The Colonel #42 The Tree of Liberty
The Constitution outlines a proposed system of government. A sort of blueprint, that’s all it was—until We the People gave our consent for it to be the law of the land. It was not handed down on tablets of stone, not enacted by a parliament, or decreed by a king. It was an expression of We the People, gathered together in our respective states drawing its authority from this consent of the governed.
It grants us no rights. Our rights are, as the founders declared, ours by virtue of our being human. They are granted by God. Government exists only to protect those rights of life, liberty, and to be secure in our property, and pursuit of happiness.
The Constitution, by the behest of We the People, created a deliberate acting government with specific, limited powers and duties. Those who compiled the Constitution were rightly concerned with the powerful nations occupying the continent with them. But what they truly feared was the government they were creating. Thomas Paine’s assessment of government as a necessary evil was shared by his contemporaries. (And as we have come to see clearly, it was a well-founded fear.)
The founders had a realistic view of human nature drawn from centuries of human history. Madison who said the fact that men are not angels demands the existence of some form of government also knew the government would be made up of those same men. It was only reasonable therefore that We the People needed to be protected from the very government he was helping to create.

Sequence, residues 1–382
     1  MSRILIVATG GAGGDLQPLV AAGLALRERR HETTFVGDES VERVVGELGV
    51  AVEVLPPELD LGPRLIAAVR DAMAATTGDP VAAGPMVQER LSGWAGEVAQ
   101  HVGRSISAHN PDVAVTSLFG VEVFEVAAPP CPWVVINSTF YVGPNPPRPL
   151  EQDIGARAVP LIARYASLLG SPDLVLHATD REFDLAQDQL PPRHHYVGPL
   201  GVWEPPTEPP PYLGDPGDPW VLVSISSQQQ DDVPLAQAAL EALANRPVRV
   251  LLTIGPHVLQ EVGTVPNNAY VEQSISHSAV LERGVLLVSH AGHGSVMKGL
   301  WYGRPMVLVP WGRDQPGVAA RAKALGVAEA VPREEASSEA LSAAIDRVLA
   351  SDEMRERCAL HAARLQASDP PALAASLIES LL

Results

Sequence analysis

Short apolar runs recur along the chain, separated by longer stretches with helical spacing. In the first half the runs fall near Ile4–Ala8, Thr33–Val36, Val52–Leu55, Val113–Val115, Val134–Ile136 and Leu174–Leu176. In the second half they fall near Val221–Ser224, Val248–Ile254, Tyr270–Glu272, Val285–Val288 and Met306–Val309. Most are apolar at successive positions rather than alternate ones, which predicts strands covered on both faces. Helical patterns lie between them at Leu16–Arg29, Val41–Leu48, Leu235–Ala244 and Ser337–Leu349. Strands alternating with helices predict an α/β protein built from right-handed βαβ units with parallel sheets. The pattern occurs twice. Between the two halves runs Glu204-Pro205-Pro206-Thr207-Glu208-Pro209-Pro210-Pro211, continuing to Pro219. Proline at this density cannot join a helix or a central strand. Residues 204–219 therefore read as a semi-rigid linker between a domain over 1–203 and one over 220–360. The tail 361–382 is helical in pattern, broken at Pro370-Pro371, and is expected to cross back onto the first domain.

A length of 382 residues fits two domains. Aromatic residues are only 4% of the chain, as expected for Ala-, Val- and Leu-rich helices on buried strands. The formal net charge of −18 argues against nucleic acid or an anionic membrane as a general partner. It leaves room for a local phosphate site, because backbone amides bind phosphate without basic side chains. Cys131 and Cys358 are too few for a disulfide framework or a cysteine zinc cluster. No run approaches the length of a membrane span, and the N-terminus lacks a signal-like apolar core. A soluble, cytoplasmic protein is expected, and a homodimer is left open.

Like paradise and all things touched by men, every government established among humans has been corrupted by those hungry to feed their desire to rule over others. As the 19th century, turned the page into the 20th century, our representatives have openly told us there are no inalienable rights but that all rights are a grant from the managers of government given for the protection of the State.
The design of government is no longer to protect We the People from the government, but the central government from our meddling, insistent demands for our rights. Laws have been replaced by regulations, representatives by regulators, and legislative deliberation by administrative whims based upon and designed to mold us into a manageable conglomeration to serve some nebulous “good of all” determined by people in hidden corners of agencies.
We the People are gone “All”, as decided and defined by the government, is now your name. Your role has been handed down—with an order to squeeze yourself into it, you selfish, non-compliant bastards. The media blasts our senses with the message to comply, submit, and behave “correctly.”
And like sheep, we have followed the tinkling bells of the goats. There has been little argument, less resistance, and no fight. We deserve our chains and those we are chained to.
Government, by its nature, is predicated upon the use of force, or at least the threat of it. The guardians of our country from foes within and without are people with guns.
Our Declaration of Independence accepts the rare necessity of dissolving the political bonds that bind people to others in order to preserve their God-given rights. To believe that dissolving those bonds is possible without the use of force—be it violent or non-violent—against armed government servants is the worst kind of naïve blindness.
You know that, right?